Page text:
Halloween has a rich history, and its association with dogs has evolved over the years. Here’s a brief overview of All Hallows Eve’s canine connection from the last century to present day.


  • In the early 1900s, Halloween was primarily celebrated in the United States and Canada as a holiday focused on community events such as parades and neighbourhood gatherings ––  with various traditions and activities, including play parties. Play parties which have their roots in European and  early American traditions, were social gatherings that included games, music, dancing, and various forms of entertainment.
  • Dogs were often included in Halloween festivities, with children dressing up their pets in costumes or bringing them along for trick-or-treating.
  • Halloween was more about community and neighbourly interactions, and the commercialization of the holiday was relatively modest.

Mid-20th Century:

  • During the mid-20th century, Halloween became increasingly commercialized, with a focus on costumes, decorations, and candy.
  • The role of dogs in Halloween festivities continued to involve them in costume parties and parades.
  • As Halloween gained popularity, more people started keeping their dogs indoors during trick-or- treating hours to ensure their safety, as there were concerned about pranks and potential harm to pets, especially to black cats.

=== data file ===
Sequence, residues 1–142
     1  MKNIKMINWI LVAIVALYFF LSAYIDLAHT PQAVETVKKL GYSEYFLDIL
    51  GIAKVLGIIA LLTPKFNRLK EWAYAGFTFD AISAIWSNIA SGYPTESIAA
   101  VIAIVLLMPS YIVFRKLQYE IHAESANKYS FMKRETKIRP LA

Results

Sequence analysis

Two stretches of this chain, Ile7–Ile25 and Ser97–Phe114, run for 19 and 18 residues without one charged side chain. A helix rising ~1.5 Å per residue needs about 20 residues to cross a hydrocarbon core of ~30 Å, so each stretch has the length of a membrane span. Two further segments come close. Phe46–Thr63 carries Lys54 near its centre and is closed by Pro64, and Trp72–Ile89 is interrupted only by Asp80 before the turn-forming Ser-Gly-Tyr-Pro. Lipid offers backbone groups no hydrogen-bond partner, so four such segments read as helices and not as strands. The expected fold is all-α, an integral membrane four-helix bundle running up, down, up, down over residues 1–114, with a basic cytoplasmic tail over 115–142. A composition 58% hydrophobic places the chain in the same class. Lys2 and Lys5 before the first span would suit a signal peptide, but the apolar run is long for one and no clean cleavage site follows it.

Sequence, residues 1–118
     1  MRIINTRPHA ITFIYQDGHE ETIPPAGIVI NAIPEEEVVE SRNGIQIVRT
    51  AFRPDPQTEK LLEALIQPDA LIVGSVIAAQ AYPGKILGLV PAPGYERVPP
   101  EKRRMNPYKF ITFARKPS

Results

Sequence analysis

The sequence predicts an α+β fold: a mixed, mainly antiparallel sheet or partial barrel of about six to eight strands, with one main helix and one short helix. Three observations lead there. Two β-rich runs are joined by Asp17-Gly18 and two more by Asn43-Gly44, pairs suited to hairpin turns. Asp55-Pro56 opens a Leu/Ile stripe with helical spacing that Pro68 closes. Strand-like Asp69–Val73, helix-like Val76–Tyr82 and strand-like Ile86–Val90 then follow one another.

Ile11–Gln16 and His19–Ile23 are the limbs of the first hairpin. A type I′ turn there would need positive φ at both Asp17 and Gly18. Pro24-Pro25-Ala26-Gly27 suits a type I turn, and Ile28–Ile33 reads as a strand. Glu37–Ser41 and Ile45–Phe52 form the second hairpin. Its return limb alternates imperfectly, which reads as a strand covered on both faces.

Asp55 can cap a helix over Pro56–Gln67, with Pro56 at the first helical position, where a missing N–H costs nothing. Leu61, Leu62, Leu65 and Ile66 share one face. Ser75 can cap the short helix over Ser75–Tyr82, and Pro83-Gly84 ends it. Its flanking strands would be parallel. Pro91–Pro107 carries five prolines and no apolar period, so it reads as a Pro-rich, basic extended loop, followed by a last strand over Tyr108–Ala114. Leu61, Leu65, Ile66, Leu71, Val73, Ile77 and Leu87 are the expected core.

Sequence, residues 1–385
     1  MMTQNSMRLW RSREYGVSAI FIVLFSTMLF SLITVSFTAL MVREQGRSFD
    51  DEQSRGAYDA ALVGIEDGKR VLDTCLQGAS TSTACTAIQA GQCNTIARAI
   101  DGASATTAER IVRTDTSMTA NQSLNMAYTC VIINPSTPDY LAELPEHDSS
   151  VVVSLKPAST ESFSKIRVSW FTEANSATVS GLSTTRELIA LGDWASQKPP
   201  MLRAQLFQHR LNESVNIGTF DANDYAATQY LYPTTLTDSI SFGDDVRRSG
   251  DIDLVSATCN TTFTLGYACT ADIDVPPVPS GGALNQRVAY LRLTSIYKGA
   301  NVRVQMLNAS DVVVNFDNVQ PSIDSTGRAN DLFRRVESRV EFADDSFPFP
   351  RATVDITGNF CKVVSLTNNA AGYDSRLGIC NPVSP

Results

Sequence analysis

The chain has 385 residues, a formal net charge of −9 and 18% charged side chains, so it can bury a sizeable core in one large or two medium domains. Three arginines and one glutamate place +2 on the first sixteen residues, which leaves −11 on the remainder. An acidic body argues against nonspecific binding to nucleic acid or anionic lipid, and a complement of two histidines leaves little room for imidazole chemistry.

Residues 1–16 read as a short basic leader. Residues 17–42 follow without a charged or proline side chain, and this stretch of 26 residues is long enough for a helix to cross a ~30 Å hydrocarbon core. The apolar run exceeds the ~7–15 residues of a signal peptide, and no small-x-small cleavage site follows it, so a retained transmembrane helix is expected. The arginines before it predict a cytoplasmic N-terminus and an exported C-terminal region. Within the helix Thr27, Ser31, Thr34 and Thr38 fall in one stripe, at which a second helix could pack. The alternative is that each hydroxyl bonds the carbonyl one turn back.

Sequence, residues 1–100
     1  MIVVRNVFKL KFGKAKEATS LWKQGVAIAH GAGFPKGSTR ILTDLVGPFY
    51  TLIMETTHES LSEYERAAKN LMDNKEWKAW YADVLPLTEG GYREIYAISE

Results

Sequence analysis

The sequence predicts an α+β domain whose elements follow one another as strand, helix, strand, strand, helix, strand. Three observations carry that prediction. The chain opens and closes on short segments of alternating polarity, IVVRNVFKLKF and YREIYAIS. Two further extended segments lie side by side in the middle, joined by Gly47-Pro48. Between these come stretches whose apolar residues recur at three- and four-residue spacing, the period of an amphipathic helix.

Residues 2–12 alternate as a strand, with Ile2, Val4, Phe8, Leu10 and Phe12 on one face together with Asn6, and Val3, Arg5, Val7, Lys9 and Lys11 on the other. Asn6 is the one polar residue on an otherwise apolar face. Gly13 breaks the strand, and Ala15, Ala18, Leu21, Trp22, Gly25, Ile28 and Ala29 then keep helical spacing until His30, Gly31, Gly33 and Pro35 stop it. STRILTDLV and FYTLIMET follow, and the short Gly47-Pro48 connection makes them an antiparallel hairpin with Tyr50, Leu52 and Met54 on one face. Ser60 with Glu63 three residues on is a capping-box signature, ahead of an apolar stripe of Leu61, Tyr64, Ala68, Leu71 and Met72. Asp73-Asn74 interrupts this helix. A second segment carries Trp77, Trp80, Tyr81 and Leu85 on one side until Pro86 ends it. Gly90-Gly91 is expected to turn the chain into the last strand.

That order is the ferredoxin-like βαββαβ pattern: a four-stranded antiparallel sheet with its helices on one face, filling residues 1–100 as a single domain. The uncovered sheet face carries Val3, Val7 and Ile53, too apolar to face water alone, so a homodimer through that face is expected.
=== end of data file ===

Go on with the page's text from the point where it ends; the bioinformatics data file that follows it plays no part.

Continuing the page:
Late 20th Century:

  • The late 20th century saw a rise in safety concerns regarding Halloween for both children and pets. Pet owners were advised to keep their dogs indoors during the evening due to potential dangers.

21st Century:

  • Presently, Halloween continues to evolve as a major cultural event in many countries, celebrating with parties, haunted houses, and elaborate decorations.
  • Pet costume sales have become a significant part of the Halloween industry, with many pet parents dressing up their four-legged companions in store-bought or creative D.I.Y.
  • The emphasis on pet safety during Halloween became more prominent, with recommendations for secure pet containment (proper fencing, gates, etc.), proper identification, and caution about potentially dangerous decorations.
  • The rise in large-scale dog-friendly Halloween events, contests and parades emerged, allowing pet parents to celebrate the holiday with their dogs in a safe and controlled environment.

One of the largest and longest running  is the New York City-based annual Tompkins Square Dog Parade and costume contest – in its 33rd year.

Overall, Halloween has evolved from a simple community-focused celebration to a widespread and commercialized holiday with an increased awareness of companion animal safety.